Proton is more lightweight and the systems that it runs on won't have Java 
installed. While I would prefer a more Pythonic portable solution, as long as 
Proton-c builds within 5MB, then it should work. However, I'm getting a bunch 
of undefined reference messages from pythonPYTHON_wrap.c when trying to make 
install it. So if I just want to use the p2p messaging between Python 
processes, what are the minimum amount of files that I need to create a Python 
queue server to handle the queues between processes? (i.e. proton.py, 
cproton.py, etc)



From: Ted Ross [tr...@redhat.com]
Sent: Tuesday, January 15, 2013 1:34 PM
To: proton@qpid.apache.org
Subject: Re: Is Proton a lightweight alternative to Qpid?


Another possibility to look at is using ActiveMQ as your broker. They've
added an AMQP transport (based on Proton-J) to their project recently.


On 01/15/2013 12:37 PM, Eagy, Taylor wrote:
> Rafael,
> Thanks for responding. The only reason why I said it wouldn't be portable is 
> because when I saw the CMake files I thought I'd have to build it to bind C 
> functions from the engine to Python. However, if I can perform the p2p 
> messaging just using the proton.py then that would work. My scenario is the 
> following: I have three Python modules running. One is a web service that 
> takes incoming requests and places the request data as a message on an 
> incoming queue, then another Python service listens on the incoming queue and 
> processes the data in the messages. After it finishes processing the data it 
> passes the results as another message onto an outgoing queue which is then 
> grabbed by the last Python service and sent back. Previously I was using the 
> Java Qpid broker because I need persistence enabled so that if the Qpid 
> broker or one of these Python services were to fail during a queue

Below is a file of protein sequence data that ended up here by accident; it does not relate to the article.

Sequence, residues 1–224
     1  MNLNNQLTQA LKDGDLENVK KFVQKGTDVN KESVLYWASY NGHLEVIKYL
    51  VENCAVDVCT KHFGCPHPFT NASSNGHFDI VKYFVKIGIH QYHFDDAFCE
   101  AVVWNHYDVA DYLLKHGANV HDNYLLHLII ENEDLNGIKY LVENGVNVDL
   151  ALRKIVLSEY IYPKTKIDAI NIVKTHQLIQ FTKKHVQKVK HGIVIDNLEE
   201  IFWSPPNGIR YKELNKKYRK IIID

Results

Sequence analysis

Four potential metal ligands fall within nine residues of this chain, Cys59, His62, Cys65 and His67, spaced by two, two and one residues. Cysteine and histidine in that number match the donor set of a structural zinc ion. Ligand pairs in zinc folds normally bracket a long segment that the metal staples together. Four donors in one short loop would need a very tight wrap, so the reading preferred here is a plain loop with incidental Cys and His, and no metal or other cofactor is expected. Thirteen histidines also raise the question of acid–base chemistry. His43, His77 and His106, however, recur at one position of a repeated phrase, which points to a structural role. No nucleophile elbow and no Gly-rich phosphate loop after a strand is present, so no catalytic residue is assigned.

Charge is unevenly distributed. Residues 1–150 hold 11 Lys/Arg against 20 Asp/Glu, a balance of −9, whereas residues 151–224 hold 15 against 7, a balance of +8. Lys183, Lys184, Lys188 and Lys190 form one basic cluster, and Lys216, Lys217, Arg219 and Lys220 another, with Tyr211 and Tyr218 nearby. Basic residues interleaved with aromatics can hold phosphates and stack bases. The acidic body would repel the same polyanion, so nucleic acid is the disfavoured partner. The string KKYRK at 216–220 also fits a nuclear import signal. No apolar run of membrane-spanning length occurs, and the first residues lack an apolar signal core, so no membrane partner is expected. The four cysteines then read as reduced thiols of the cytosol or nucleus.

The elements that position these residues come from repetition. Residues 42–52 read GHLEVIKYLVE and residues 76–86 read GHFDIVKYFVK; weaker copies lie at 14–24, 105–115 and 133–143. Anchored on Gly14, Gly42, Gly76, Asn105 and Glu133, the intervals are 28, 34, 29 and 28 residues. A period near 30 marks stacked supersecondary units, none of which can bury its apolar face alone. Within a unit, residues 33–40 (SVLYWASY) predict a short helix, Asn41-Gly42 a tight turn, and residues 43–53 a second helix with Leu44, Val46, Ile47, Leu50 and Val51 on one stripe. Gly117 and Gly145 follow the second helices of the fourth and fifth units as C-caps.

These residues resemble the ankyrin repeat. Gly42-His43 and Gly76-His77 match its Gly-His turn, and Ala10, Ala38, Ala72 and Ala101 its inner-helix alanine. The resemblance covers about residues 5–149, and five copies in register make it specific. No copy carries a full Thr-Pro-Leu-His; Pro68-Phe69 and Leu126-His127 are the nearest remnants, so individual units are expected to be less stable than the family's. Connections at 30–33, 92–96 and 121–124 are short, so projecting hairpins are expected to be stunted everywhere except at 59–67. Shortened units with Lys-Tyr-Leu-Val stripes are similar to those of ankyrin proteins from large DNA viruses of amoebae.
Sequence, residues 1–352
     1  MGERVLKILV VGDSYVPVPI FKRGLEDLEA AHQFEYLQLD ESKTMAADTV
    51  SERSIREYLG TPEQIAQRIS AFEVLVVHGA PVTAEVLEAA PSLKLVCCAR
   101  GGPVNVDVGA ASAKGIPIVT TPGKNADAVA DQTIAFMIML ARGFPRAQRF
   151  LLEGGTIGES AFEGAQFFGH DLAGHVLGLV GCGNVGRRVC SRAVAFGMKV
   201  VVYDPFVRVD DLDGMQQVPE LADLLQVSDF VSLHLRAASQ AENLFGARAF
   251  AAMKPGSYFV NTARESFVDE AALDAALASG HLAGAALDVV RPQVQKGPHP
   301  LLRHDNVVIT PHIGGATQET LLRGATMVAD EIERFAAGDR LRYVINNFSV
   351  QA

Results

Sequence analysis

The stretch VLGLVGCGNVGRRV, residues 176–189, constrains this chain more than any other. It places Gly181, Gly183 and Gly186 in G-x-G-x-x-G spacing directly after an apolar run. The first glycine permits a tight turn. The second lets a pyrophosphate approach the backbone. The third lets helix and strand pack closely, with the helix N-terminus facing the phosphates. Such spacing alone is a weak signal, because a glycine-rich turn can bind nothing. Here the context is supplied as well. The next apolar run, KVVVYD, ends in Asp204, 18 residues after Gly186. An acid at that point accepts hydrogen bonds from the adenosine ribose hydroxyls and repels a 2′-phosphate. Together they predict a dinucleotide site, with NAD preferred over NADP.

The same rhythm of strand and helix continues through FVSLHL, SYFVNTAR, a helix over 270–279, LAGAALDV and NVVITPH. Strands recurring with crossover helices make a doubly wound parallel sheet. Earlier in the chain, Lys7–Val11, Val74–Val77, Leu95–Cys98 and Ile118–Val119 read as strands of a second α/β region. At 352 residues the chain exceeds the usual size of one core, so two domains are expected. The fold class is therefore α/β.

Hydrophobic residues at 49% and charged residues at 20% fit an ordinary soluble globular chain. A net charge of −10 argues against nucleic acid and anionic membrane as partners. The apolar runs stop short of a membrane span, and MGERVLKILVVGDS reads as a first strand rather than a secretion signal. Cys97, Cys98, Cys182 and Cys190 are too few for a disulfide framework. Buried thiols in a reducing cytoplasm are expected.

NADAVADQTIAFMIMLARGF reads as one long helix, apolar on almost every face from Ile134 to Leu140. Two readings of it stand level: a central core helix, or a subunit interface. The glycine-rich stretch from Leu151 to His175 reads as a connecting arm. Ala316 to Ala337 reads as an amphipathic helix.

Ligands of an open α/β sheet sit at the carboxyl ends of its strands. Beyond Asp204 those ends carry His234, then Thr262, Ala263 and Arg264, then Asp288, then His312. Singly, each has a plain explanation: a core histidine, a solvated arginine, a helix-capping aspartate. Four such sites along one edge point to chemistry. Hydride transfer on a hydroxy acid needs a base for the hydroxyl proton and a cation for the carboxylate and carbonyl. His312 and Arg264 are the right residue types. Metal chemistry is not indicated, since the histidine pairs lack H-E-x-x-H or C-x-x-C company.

> transaction, the services, when restarted, would be able to pickup the 
> durable message and continue the data flow. While it works great with the 
> Qpid broker, the main issue is that the Qpid broker is just too heavy. I need 
> a fast lightweight version that still offers the basic persistence (I was 
> using Derby store) and ideally written in Python since all of my code is in 
> Python. I don't have any specific performance requirements other than saying 
> the faster the better. Right now all of the queueing is done locally between 
> these services, but I would like to have the ability to extend it easily to 
> work over networked machines which I know Proton can do. Do you think it's 
> overkill to use something like Qpid or Proton in my scenario?
> Thanks,
> Taylor
> ________________________________
> From: Rafael Schloming [r...@alum.mit.edu]
> Sent: Tuesday, January 15, 2013 8:44 AM
> To: proton@qpid.apache.org
> Subject: Re: Is Proton a lightweight alternative to Qpid?
> On Mon, Jan 14, 2013 at 11:14 AM, Eagy, Taylor <te...@blackbirdtech.com>wrote:
>> Hi guys,
>> I've been using Qpid for the past several months and I really like it.
>> However, I've mainly just been using it to pass messages between several
>> Python processes running on the same machine, so using Qpid is probably
>> overkill. Then I noticed Proton and got excited. Ideally I'm looking for a
>> fast, lightweight, and portable queueing library preferrably in Python. Are
>> there any roadmap plans to create a Proton Python broker/engine? I looked
>> at RabbitMQ, but read the performance wasn't as good as Qpid. I was looking
>> into the examples and noticed you could implement your own queueing server
>> in Python, but it's not exactly portable since I'd have to build it for
>> Linux and Windows.
> Hi,
> To answer the question in your subject first, Proton isn't an alternative
> to Qpid per/se, rather it's a component of Qpid. The latest release of the
> cpp broker uses proton to provide AMQP 1.0 support, and we plan to use it
> in future releases of the Java broker also. That said, Proton is definitely
> intended to be used independently of either the cpp or Java broker, and can
> be used without either (i.e. peer to peer), so in that sense the answer to
> your question is yes.
> There is definitely interest in building a lightweight queuing component
> that works well with Proton and can be flexibly deployed in a variety of
> topologies, and even dynamically/transparently redeployed at runtime. A
> python prototype has been discussed as a starting point for some of this
> work, and there has been other work ongoing both in terms of re-factoring
> the cpp broker and in terms of prototyping new servers that may ultimately
> contribute.
> Why do you think your own queuing server built in python wouldn't be
> portable? Can you describe a little bit more about your scenario, e.g. do
> you need persistence, transactions, etc ...? Do you have any particular
> performance requirements? Can you describe your messaging topology at all?
> --Rafael

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